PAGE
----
Q: What you’re describing is a philosophy of both life in general and bartending. How did you arrive at this point?
A: It’s always been part of me, it was how I was raised. It was natural for me to focus on what I loved as I grew up with people who inspired me. My parents were very open minded people. They never saw things in a one sided way and my sister was just the same. The way she lived her life and the people she introduced me to had a huge effect on my life.
My philosophy, and I like that you called it that, is my way of doing things differently. I’ve always done that but there are many people who have done amazing things in this world so why copy them? I can find my own way to do things and in fact it’s about more than ‘me’. It’s about us working together, striving towards common goals. It’s all about being true to ourselves and doing what we love. You can tell where I stand by looking at my life’s choices. My life has been a journey in itself: working as a chef, studying biology and getting involved in the arts.
Q: And you’ve found a way to channel all three?
A: If you think about it they all have to do with how you interpret the world around you.
Q: During a speech of yours last year you spoke about tastes and that of umami and fat in particular. Is that something that interests you?
A: Umami is definitely interesting, especially in relation to food. Not sure how easy it is to achieve when it comes to drink but it’s still under investigation. When we make a cocktail our goal is not for it to have a fatty or umami taste. We have a certain result in mind and we try and find a way to achieve it. What we’re after is an emotional result as well but we’re not stuck on certain ingredients. It’s about the research.
Q: Where do you stand on conceptual cocktails?
A: The key element is whether they have an actual reason to exist. You have to interact with your customers and there needs to be a story behind what you create. We shouldn’t just do for the sake of a concept itself.
Q: Apart from not using ice or citrus fruits and the idea of ‘pre-batched’, are there other trends you would like to include in your menu?
A: There are six or seven ideas I’d like to incorporate and I’m already working on some of them. I love food and drink because it’s an area directly linked to culture and that always has a way of moving ahead. You shouldn’t be chasing trends or jumping on bandwagons.
Q: Are you interested in playing with acidity levels?
A: If you use different acidic elements, you’ll get varied results. Citric acid has a very shiny acidity and is very different to something like green apple acid. We usually work with three or four acidic elements and try and find the right balance. We focus on the end result we’re aiming for; Like for example if we want a shiny or intense acidity. There is a cocktail on our list called Brooklyn which is complicated to produce and is the result of a multiple ingredient fermentation, combining two levels of acidity, one dry and one clean.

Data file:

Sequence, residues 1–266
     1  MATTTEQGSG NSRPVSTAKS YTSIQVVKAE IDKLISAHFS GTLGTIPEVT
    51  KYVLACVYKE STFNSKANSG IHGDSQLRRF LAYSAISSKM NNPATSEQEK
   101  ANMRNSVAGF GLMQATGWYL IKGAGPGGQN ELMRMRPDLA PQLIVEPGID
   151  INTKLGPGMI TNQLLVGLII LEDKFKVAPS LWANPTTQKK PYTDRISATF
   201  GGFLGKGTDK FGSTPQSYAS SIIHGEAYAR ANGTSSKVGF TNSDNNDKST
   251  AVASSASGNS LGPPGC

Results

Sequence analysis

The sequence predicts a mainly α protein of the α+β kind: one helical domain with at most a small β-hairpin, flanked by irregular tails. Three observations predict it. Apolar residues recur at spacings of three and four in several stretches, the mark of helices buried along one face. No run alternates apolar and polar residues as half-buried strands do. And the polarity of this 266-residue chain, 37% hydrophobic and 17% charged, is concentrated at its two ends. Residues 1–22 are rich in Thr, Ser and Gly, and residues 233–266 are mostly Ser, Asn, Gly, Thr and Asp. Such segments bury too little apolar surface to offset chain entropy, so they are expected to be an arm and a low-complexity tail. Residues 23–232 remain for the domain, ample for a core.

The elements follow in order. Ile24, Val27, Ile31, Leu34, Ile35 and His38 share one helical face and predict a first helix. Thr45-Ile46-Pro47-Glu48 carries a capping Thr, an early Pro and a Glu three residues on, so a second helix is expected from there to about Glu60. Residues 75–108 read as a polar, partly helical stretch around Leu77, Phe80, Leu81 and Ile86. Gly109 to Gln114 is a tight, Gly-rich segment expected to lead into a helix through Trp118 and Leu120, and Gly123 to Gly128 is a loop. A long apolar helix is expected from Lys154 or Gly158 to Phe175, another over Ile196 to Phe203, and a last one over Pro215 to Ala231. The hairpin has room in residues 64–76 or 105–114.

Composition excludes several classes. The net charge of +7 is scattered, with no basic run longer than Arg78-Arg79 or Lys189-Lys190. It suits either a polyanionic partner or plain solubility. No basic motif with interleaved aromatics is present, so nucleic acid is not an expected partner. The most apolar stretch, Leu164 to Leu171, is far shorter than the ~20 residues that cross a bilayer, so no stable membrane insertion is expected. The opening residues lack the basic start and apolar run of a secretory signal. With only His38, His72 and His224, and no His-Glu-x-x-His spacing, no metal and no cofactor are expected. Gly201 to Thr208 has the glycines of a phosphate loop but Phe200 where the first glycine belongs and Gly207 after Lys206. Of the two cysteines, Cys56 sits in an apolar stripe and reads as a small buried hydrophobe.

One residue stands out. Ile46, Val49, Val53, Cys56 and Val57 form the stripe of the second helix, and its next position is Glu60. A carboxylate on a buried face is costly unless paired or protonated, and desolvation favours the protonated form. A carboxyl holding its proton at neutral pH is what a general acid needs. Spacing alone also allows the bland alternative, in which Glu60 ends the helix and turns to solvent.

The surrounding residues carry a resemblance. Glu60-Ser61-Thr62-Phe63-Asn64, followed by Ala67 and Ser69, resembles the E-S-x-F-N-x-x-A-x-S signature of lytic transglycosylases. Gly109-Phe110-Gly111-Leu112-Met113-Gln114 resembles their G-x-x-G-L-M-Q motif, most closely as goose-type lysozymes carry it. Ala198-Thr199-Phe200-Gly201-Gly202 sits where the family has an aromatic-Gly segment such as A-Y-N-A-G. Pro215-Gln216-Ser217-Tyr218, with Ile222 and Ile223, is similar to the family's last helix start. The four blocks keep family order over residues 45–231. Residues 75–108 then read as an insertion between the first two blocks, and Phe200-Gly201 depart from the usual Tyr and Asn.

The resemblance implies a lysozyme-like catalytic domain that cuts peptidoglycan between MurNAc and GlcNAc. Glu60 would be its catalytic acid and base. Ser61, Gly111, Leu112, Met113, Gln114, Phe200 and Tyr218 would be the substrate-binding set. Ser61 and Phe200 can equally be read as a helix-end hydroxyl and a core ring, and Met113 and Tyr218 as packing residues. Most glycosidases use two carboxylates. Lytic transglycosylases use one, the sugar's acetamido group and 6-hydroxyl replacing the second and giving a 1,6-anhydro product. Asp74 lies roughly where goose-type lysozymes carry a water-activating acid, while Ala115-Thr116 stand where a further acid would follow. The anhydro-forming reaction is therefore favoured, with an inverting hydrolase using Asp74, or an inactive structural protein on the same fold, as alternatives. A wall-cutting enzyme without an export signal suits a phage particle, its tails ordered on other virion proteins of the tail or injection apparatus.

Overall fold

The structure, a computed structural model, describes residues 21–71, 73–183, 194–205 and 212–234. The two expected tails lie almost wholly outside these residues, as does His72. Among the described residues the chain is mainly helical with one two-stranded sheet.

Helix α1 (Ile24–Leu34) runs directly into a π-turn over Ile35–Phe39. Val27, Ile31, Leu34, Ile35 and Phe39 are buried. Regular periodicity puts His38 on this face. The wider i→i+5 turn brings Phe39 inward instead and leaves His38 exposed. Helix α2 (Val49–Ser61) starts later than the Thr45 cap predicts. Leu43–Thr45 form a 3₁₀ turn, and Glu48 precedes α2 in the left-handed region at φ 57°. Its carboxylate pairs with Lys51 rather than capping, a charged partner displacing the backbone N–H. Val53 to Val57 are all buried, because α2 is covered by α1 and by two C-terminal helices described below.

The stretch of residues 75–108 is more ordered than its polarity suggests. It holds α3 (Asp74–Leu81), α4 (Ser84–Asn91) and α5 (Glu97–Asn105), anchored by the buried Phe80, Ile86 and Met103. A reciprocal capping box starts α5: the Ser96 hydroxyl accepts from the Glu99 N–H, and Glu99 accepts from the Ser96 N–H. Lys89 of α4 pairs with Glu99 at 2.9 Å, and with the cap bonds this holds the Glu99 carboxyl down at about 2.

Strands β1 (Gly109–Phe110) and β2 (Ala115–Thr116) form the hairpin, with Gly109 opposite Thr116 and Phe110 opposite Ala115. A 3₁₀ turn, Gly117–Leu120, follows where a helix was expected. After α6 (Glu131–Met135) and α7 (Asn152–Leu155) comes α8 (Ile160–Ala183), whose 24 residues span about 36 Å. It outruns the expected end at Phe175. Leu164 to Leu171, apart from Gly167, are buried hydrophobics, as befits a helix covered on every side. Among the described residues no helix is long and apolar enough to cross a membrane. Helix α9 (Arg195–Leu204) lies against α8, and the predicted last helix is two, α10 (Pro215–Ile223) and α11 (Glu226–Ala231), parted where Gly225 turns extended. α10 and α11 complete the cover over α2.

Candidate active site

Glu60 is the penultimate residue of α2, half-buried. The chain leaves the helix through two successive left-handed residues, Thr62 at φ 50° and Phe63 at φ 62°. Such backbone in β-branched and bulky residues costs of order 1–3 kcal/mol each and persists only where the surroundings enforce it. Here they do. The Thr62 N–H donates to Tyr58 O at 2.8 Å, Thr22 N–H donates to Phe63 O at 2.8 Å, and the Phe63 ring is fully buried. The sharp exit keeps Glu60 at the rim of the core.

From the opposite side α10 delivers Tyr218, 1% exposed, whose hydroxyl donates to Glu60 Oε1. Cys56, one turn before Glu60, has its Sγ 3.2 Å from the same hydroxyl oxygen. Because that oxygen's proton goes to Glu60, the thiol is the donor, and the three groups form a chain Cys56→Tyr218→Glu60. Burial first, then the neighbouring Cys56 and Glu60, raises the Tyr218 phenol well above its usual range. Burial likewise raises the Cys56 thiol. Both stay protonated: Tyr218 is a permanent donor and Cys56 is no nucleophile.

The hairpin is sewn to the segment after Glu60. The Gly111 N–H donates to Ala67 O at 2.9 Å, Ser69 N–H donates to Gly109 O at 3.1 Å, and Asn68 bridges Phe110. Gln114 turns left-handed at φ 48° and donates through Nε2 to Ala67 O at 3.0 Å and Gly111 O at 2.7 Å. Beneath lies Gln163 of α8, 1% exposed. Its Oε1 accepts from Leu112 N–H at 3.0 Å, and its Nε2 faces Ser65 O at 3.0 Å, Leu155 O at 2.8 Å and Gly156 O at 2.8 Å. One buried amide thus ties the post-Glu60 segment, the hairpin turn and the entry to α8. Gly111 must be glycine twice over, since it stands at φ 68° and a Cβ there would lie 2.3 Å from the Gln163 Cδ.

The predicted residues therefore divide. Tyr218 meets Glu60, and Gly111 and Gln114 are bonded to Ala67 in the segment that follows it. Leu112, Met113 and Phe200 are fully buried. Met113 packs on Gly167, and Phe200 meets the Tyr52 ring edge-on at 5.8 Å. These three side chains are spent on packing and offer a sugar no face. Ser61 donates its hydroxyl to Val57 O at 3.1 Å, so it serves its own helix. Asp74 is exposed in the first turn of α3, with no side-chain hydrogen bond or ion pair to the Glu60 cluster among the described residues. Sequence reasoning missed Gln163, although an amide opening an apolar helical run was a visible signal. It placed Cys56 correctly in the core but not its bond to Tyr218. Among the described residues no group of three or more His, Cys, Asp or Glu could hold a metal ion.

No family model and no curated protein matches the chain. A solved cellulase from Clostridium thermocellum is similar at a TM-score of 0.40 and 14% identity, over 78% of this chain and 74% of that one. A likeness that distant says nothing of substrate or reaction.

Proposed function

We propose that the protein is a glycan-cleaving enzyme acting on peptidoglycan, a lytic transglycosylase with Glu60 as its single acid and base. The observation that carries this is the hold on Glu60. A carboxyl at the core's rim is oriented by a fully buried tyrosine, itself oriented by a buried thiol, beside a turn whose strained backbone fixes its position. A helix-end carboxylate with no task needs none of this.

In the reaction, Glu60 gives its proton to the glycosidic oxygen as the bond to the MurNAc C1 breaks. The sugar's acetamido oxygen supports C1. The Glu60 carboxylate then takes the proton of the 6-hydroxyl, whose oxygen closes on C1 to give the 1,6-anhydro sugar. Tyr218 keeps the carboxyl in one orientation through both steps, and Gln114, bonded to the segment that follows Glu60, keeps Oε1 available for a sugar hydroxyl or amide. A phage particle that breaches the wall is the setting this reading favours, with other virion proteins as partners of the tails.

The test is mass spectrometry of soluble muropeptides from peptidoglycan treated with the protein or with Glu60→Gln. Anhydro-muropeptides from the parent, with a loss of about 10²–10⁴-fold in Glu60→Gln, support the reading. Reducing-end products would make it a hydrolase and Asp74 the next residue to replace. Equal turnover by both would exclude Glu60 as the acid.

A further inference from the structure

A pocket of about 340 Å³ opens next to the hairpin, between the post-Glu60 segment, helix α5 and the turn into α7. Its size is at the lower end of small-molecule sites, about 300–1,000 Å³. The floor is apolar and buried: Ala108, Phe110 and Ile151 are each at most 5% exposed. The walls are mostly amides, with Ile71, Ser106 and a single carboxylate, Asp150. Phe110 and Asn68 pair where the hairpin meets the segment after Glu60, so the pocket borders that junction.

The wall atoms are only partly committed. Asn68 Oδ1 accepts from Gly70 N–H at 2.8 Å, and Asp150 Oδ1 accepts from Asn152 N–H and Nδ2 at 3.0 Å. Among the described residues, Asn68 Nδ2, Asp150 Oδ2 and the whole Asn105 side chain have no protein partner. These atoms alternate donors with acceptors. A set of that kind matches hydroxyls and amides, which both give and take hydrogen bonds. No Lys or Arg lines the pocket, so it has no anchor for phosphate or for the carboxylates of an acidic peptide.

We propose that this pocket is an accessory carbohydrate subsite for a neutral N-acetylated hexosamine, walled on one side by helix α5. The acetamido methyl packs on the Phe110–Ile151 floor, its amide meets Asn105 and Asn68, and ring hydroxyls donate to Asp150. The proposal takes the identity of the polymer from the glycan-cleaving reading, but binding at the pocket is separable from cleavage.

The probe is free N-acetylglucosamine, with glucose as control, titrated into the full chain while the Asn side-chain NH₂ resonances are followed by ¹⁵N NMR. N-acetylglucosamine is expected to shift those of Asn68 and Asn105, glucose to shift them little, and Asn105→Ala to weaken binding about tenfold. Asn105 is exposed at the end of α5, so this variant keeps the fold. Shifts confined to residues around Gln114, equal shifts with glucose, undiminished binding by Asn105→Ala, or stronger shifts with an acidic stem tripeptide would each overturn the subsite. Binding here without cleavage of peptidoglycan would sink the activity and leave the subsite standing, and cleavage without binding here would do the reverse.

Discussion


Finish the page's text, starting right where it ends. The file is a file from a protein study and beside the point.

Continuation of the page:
Q: Is fermentation part of the cocktail making process?
A: At Whistling Shop we had a project with ‘live’ cocktails that had yeast in them. That’s how we get that unique fermentation flavour and the special feeling created by the microorganisms which give those intense notes that you can’t get by just mixing ingredients. We can add flavour or texture depending on the result we want to achieve (complex drinks, floral aromas etc.).
Q: Is it important for you that people understand how much prep goes into a cocktail?
A:Only if they’re really interested. We just want them to enjoy themselves.
Q: Chef and bartenders working together, is that a good idea?
A:Chefs will seek to work with bartenders more and more in the future and that can only be a good thing. There are bartenders that could really open their eyes to a lot of things. Don’t forget I started out in the kitchen too as I loved the interactive culture surrounding food and I wanted to create something for people to enjoy. I guess I still do it to this day by adding certain surprise elements.
Q: What did you particularly like while tasting the cocktails of the competition?
A. I was amazed by the quality of the local vegetables, the aromatic herbs used by the contestants and mastiha.
Q. Thank you
A.Thank you! It wasn’t the usual type of interview so it was just as interesting for me.